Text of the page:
Working from home - is it a thing?
 My car hasn't left our garage in days. Come to think of it, I haven't left the house since Saturday. And that was just to walk the dog. Our neighbours, if they wonder at all, might be curious about what the middle aged guy at Number 23 actually does. If anything at all. 

Across the road, Barry heads off to one of his building sites each morning. Down the street, Greg the Gardener gets into his ute and trundles off to mow lawns. I watch them drive past. 

Let's set the record straight. I'm very busy, I'll have you know. I have a nice office at home. After breakfast I give the bride a kiss - "see you after work Hun." - walk eight metres and sit down at my desk. From time to time, I discuss work-type things with my staff, contractors and clients, on the phone or on a video link. (The National Broadband Network gets a lot of flack, but for me, it's a winner.) 

Since they only ever see me from the waist up, my work attire these days rarely rises above a pair of shorts and a shirt. My feet don't see shoes for weeks at a time. 

At various times during the day, I emerge briefly to make a cup of tea, raid the pantry, pat the dog, or amble down to the letterbox. After more than forty years working in offices with other people, I'm still getting used to the New Deal, but that's what this working-from-home caper seems to be all about.

And it got me pondering; I can't be the only one. So I've been asking around. On a local Facebook group, I ask who else is pretending to have a 'normal' job while living and working where they please? Are there any other 'secret society' members nearby? Within minutes, People Like Me responded with alacrity. 

Not 100 metres away, James Cross tells me he does something called building energy assessments. "I'm a full-time employee but still do school runs with the kids and have them home on school holidays," says James. "I'm home 90% of the time and every few months I go to the Perth office to prove I'm not dead." 

But there are, says James, some drawbacks. 

"I can work in board shorts and a singlet, but it takes a while to get used to being at 'work' at home. Friends and family just drop in to chat even though you're 'at work'. It can be a bit isolated from things going in on the main office, and there's often no-one to talk to." 

From Jen McNab, I get the full 'living-the-dream' treatment. 

"I built some houses in Perth and run them as nightly rentals. I now have a manager working for me who runs all our bookings and handles everything. She looks after all our staff and I only deal with her if I have to. We communicate mainly via Facebook as it is fast and easy. 

"My husband and I travelled pretty solidly from 2013 until the middle of 2017. We have three kids (2, 6 and 9 - the littlest one was born while we were travelling) and we based ourselves in Bali for 4 years but then spent about 2 years of that travelling all over Europe, Asia and America.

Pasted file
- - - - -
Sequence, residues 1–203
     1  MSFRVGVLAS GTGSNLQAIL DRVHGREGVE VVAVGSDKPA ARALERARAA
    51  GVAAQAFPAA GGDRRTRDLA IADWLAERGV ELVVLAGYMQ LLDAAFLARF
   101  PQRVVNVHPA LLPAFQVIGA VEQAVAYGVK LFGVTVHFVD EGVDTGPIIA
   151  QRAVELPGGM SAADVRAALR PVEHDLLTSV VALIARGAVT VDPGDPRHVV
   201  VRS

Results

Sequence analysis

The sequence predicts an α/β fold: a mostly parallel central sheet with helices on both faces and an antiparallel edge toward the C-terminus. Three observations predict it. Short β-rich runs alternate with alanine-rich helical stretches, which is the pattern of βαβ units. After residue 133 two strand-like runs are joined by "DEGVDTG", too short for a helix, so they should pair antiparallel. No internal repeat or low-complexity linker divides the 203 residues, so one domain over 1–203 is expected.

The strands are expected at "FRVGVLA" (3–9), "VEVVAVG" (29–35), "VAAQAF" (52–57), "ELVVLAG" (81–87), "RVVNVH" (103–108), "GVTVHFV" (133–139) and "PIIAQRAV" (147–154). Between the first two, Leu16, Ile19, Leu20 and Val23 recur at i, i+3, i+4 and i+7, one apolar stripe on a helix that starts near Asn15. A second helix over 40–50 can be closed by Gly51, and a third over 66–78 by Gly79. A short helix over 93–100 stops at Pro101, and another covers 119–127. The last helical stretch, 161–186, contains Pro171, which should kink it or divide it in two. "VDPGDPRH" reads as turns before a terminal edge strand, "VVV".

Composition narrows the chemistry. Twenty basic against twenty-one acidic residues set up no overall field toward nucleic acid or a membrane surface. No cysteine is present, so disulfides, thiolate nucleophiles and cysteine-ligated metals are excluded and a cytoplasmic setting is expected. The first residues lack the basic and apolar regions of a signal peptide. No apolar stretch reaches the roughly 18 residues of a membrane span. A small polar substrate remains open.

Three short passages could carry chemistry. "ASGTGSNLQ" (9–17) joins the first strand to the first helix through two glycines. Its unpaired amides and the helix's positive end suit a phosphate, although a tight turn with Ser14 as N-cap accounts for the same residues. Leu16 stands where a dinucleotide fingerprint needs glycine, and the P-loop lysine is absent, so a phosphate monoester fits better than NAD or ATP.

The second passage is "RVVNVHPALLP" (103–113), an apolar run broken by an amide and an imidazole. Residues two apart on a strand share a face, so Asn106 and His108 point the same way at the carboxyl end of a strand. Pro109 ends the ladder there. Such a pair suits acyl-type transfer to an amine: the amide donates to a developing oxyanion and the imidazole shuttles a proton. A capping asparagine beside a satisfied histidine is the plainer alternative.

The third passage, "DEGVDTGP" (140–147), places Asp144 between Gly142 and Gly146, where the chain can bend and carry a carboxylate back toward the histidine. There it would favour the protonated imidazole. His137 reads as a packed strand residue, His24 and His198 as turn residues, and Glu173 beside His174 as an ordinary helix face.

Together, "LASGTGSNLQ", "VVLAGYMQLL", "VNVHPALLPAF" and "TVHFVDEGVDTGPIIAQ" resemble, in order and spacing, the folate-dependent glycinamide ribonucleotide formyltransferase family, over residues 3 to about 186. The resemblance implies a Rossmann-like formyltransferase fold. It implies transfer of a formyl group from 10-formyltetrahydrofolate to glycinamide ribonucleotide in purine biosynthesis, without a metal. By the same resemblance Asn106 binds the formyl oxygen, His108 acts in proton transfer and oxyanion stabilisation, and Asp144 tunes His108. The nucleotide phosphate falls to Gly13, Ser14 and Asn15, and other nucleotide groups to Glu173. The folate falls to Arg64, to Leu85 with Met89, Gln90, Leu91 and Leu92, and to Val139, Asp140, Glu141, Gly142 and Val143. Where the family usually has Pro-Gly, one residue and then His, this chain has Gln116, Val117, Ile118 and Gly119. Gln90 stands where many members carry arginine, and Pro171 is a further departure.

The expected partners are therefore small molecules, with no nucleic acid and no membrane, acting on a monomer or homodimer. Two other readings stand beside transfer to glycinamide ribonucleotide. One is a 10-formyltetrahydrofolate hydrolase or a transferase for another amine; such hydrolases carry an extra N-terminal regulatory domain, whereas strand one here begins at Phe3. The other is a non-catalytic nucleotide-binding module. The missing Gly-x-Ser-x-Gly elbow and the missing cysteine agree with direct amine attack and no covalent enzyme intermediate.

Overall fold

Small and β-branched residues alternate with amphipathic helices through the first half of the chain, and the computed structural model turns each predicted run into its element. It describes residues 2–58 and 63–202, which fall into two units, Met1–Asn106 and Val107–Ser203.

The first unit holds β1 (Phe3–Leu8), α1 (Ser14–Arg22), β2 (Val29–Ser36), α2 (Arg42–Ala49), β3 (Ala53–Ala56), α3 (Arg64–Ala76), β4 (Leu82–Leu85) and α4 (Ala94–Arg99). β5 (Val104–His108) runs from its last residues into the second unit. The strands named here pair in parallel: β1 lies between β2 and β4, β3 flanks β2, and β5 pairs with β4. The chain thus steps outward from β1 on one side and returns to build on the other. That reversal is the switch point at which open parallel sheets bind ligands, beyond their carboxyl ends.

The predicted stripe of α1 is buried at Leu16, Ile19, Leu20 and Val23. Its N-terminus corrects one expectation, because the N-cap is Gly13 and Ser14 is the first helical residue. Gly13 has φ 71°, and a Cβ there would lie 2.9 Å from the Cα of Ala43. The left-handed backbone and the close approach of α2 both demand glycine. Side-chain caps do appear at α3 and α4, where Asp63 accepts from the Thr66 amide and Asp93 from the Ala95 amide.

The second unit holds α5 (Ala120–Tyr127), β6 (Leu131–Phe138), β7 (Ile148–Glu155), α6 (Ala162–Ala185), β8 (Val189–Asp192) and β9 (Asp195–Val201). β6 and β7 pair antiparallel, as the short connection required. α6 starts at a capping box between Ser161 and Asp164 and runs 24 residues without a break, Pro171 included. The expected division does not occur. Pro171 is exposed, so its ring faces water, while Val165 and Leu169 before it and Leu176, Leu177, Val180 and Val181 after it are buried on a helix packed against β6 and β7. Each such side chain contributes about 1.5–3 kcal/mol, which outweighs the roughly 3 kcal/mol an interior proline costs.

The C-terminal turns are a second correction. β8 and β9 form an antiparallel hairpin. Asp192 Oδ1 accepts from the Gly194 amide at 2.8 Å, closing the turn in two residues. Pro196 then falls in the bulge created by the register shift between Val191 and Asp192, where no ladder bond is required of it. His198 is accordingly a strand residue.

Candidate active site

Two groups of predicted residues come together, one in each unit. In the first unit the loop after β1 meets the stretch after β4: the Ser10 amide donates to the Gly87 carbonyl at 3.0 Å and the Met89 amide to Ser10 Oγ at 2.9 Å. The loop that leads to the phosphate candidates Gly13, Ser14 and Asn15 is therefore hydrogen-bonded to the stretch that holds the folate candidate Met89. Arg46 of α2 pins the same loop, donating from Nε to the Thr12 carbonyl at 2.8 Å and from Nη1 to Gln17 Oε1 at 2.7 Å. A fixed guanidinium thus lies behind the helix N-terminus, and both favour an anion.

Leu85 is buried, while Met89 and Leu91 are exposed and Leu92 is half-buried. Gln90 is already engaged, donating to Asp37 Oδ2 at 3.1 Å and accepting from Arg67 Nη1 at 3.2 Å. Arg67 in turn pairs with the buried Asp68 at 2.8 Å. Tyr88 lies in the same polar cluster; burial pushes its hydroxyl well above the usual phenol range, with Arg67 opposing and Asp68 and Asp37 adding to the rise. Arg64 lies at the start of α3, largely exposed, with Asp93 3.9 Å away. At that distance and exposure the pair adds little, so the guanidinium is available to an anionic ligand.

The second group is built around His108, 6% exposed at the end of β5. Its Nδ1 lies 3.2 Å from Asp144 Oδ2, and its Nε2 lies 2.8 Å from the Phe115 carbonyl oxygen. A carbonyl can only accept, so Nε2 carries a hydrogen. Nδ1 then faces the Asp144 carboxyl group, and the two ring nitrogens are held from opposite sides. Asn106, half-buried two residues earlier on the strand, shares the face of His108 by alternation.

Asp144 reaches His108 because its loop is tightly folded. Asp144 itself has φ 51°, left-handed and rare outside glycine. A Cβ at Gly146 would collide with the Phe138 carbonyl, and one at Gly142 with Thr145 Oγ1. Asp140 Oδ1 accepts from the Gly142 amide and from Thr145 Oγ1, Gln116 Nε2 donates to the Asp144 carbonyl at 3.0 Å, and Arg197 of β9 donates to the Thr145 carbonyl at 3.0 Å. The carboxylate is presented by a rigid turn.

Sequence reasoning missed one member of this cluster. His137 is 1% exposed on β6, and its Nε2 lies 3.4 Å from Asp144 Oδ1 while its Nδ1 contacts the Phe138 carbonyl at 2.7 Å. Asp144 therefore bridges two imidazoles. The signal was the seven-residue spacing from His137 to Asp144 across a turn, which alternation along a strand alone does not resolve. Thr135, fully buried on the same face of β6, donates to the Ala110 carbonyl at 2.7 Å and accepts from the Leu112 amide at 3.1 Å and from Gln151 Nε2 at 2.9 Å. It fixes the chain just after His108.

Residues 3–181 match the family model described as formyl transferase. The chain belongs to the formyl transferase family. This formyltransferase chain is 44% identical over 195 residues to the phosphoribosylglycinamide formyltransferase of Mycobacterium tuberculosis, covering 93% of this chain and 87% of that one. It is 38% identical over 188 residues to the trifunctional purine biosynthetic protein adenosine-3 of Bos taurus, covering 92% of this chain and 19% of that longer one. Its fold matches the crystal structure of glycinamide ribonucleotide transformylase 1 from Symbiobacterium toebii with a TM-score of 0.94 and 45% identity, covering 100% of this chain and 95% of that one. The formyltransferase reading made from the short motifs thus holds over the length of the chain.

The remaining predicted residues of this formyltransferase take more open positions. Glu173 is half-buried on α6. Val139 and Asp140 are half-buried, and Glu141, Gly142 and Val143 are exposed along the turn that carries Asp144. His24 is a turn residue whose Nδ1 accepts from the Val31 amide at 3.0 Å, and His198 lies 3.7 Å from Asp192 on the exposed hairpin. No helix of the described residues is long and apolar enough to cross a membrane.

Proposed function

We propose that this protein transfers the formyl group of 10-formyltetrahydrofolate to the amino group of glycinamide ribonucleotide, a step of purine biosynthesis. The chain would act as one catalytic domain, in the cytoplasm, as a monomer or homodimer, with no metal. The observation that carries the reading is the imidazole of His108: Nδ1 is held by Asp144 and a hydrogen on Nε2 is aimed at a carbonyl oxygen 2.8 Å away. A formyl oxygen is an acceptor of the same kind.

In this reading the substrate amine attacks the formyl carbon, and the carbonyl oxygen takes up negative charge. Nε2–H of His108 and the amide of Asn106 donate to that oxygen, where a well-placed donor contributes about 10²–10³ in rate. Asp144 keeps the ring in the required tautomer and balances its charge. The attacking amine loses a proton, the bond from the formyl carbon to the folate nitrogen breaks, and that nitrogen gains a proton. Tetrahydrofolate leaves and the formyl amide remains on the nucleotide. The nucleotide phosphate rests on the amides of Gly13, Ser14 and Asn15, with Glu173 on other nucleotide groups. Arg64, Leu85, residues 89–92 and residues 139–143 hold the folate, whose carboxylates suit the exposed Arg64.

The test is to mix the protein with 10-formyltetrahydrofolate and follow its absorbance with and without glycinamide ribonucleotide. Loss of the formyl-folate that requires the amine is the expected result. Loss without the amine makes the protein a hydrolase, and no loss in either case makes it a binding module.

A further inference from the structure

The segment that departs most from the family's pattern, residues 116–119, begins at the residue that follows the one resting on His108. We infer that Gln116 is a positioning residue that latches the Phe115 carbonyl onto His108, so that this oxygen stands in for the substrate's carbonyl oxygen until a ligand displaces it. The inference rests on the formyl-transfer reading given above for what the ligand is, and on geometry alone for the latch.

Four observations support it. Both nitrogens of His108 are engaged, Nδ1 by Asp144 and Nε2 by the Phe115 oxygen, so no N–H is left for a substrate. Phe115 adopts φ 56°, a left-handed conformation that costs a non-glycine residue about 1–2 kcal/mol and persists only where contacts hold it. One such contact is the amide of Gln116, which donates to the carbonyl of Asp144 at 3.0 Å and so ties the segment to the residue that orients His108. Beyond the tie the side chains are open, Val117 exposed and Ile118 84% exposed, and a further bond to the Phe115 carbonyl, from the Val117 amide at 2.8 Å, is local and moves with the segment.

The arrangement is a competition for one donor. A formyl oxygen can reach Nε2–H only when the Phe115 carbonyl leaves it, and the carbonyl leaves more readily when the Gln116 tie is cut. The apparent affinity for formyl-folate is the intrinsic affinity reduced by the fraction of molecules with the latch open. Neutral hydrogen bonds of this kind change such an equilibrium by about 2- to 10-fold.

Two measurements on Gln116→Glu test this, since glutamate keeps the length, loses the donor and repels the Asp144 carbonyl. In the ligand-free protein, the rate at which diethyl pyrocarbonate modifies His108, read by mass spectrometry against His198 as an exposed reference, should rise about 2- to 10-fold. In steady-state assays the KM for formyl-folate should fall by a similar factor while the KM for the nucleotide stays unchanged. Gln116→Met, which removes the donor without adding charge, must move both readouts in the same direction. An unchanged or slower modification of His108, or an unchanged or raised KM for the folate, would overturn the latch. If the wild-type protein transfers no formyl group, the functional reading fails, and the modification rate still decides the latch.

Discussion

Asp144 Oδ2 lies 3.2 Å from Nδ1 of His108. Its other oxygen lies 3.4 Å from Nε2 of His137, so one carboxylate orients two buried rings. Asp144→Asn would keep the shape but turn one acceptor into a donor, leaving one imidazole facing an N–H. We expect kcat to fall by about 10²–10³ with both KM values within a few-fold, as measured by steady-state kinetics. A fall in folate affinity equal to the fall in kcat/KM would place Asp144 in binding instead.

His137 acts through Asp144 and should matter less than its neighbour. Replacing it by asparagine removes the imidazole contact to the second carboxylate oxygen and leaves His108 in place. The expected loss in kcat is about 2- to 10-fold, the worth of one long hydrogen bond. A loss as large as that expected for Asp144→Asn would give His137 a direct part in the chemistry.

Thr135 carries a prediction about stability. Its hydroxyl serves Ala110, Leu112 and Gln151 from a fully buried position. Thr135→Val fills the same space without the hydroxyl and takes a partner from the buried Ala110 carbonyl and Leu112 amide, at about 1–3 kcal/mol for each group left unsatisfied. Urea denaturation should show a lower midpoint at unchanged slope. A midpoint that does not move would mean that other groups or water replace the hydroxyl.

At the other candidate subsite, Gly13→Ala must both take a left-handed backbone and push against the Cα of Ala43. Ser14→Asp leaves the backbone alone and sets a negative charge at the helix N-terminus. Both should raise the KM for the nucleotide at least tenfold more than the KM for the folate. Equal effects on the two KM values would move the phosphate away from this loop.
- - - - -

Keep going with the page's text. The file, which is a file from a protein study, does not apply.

"My business just runs anywhere I have internet. Both of us work from home in Dunsborough and love it!"

From Renae McEnroe de Klerk

"I'm a career counsellor and the global nomad movement of people who can do their job anywhere is fascinating and so great for areas like ours. (Why would you live in a smelly city unless you had to!)"

With a view over Geographe Bay from their Dunsborough home, you wouldn't blame Nadene Weston-Cox and husband Gary for not dragging themselves away to Perth any more often than absolutely necessary. Nadene owns a couple of beauty salons in the city, but has lived 270km away 'Down South' for 12 years. "I still have to poke my head into the shops every so often," says Nadene, "but by and large, the staff run things very well, and I keep in touch by email and phone every day." 

Finance broker Kristian Moore seems to be doing it pretty tough too. I stood on the balcony outside his home office, perched on the hill overlooking the Yallingup surf break, and wondered what the downsides were. 

"Er, I can't think of any," he says. "My clients are all over the place. My staff are in Perth. I just work from here, and go for a surf when I can see the wind's in the right direction." 

Kristian moved to Yallingup from Perth "for a year" - that was six years ago. 

"I can focus on work when I need to, the view's not a distraction unless I’m planning on going for a surf, then I keep an eye on it just to see what the crowd is doing so I end up getting more waves in a shorter period of time when I do go,  which is often for less than an hour."

"Pros - zero time wasted travelling to work, I start early, as soon as I’ve woken up and made a coffee, between 5-6am and get a heap done in a very productive manner. Calm and distraction free environment. Being right next to the beach means even if I only have a half hour break it’s worth 10 times half an hour in the city in terms of separation from work, allows me to step back and think about big picture items and get rid of the chatter 

"I love it when clients come to see me, good chance to impress with my coffee making skills, or share a drink on the balcony. Most of the ones that come and see me are high level and more friends from being long term clients, but I’m happy seeing anyone who would like to come here, I don’t hide where I am." 

So from my straw poll, the working-from-home thing seems to be...working, at least for the self-employed (read: unemployable) among us. 

Entire university courses are run on the question of whether working from home is more or less productive compared with the traditional water-cooler method. Universities and think tanks seem to like that kind of navel-gazing, particularly when there's no conclusive answer. 

For me, the jury's out. Anyhoo, the dog's due to take me for a walk. 

Your comments, scathing critique or fawning flattery welcomed below.